Men Who Cook and local restaurants teaming up for Hope House and abused kids | St. Tammany community news

While demand for the services of a local center that combats child sexual abuse increased right along with COVID-19, the prospects for the big fundraiser the nonprofit Hope House depends on for half its budget appeared diminished.

At that point, supporters of the Children’s Advocacy Center-Hope House in Covington got creative.

The group has decided to pivot in order to bring the popular culinary competition (and Hope House fundraiser) “Men Who Cook” to a larger audience than what St. Tammany Parish residents are used to seeing, said Thomas Mitchell, the executive director of Hope House.

Instead of a traditional one-night event, celebrity chefs on the Men Who Cook 2020 Team will partner with more than 10 local restaurants between Oct. 5 and Nov. 8 to present “Hope House Weeks.”

Donations can be made on-site or online through Nov. 8 at support.cachopehouse.org/MWC2020.

The restaurants will offer special deals for patrons who donate to help their celebrity chef compete for the Most Money Raised for Hope House award. And a panel of judges will sample a highlighted dish from each restaurant to determine the winner of the Judges’ Choice award.

It will be a win-win because it has been so been difficult for both nonprofits and restaurants during the coronavirus pandemic, Mitchell said. And he hopes the public will patronize the restaurants and the teams to help create more public awareness of Hope House.

“While there is a pandemic, there is also an epidemic of child sexual abuse,” Mitchell said. “We’re seeing greater numbers because kids are stuck at home or because parents have to rely on child care they otherwise would not have relied on before the COVID-19 pandemic.”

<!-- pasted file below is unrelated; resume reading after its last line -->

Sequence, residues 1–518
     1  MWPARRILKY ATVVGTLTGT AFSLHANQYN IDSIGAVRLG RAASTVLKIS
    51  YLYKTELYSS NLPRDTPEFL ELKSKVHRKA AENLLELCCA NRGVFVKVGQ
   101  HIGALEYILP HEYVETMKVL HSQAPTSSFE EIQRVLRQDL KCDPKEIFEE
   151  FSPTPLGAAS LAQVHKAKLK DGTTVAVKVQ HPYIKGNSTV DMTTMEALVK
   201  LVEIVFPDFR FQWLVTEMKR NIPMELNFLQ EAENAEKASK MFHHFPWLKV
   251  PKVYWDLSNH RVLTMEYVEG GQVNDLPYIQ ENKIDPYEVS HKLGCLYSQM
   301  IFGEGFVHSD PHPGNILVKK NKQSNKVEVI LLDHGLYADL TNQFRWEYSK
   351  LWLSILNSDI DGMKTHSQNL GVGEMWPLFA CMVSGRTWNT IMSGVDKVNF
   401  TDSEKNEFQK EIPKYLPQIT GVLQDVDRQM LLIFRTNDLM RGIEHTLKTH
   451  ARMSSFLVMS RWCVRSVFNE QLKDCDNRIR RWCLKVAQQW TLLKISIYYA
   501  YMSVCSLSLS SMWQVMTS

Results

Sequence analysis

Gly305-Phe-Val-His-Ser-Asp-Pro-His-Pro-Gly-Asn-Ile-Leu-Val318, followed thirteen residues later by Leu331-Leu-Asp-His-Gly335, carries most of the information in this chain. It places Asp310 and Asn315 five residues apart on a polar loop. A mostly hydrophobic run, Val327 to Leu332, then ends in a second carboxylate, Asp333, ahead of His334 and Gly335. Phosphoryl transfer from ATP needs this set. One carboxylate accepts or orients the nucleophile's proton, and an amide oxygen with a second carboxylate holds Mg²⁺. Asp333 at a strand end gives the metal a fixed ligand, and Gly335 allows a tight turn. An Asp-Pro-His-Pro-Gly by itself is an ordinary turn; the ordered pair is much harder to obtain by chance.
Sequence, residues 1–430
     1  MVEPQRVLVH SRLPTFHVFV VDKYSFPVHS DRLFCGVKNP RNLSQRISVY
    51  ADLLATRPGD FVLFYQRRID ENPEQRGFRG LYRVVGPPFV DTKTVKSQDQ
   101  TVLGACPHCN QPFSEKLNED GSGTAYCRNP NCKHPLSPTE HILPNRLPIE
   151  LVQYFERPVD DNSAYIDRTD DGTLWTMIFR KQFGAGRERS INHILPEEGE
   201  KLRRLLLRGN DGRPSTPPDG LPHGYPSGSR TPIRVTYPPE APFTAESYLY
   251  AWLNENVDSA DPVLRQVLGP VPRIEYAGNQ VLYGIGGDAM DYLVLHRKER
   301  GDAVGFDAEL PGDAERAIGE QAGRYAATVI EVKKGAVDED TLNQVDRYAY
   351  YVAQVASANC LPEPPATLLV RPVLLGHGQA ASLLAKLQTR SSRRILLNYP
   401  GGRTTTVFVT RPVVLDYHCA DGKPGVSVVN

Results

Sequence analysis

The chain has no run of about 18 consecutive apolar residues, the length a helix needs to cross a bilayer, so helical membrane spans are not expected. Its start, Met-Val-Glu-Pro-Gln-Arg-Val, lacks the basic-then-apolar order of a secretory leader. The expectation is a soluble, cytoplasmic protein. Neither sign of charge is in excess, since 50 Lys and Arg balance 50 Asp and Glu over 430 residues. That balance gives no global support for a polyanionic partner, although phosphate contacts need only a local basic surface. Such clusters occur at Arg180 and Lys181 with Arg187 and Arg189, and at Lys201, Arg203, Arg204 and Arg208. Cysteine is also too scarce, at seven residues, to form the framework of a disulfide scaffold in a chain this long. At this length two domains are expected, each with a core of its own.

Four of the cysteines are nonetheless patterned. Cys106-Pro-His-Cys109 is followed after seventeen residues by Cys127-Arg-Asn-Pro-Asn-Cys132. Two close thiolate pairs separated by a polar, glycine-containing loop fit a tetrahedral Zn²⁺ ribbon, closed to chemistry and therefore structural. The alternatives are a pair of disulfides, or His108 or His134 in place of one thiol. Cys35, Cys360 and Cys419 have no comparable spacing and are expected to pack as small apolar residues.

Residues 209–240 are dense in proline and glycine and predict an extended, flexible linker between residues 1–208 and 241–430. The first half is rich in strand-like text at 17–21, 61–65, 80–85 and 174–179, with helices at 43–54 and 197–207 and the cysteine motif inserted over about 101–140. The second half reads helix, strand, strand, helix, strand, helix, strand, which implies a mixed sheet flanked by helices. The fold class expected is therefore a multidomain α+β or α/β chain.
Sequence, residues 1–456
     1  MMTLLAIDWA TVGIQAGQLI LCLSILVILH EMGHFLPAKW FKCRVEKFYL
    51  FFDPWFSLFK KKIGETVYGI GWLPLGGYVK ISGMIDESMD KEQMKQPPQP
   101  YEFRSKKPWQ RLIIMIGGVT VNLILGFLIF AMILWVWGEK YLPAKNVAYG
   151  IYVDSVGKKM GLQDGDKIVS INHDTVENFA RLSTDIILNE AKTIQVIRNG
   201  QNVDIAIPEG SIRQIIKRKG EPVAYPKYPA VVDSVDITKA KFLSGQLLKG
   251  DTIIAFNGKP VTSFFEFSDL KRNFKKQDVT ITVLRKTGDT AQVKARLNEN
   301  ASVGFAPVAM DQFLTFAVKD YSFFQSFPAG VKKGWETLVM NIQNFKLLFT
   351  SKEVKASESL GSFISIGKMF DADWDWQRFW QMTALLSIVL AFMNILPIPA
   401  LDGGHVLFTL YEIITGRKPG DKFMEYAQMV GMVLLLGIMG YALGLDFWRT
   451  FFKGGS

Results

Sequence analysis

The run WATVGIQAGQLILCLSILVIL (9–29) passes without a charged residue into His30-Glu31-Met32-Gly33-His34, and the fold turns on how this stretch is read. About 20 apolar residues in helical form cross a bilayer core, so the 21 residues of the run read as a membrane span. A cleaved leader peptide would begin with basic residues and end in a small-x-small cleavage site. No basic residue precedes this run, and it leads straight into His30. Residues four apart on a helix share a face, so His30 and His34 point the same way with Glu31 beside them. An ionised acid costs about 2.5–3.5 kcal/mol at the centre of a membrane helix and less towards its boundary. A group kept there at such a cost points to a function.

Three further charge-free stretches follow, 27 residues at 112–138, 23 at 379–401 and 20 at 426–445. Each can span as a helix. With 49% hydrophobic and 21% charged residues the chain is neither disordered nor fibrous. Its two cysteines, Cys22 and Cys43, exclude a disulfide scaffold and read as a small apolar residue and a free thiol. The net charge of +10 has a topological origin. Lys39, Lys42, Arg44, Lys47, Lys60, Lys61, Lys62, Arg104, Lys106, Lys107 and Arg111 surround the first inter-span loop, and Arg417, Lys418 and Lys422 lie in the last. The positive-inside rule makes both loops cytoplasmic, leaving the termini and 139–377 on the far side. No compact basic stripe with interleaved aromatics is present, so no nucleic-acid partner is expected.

The Children’s Advocacy Center-Hope House is the only agency in St. Tammany and Washington parishes that provides mandated forensic interviews for children when there are allegations of abuse.

The center does not investigate allegations on its own; there must be a law enforcement investigation, Mitchell said.

“There were 336 kids who came into the CAC in 2019 to disclose sexual abuse because of a pending investigation,” Mitchell said. “When the forensic recordings were used, 96.1% of those cases charged, resulted in convictions.”

From January through June, the CAC has already served 189 youth, which puts the group on track to surpass its 2019 sex abuse numbers.

Hope House provides a child-centered environment that houses a staff of eight and a multidisciplinary team with representatives from 12 other agencies who are part of the investigations.

Mitchell moved here from Tennessee to become the executive director three years ago and has since implemented a program of recovery for the young clients. Hope House can provide up to 12 or 16 months of free “trauma-focused counseling,” an evidence-based treatment program for PTSD and recovery from sexual abuse.

“We’re privileged to work with kids and see their recovery,” he said.

Mitchell also initiated a free education program to prevent child sexual abuse. The age-appropriate classes for youth in prekindergarten through high school is called Play it

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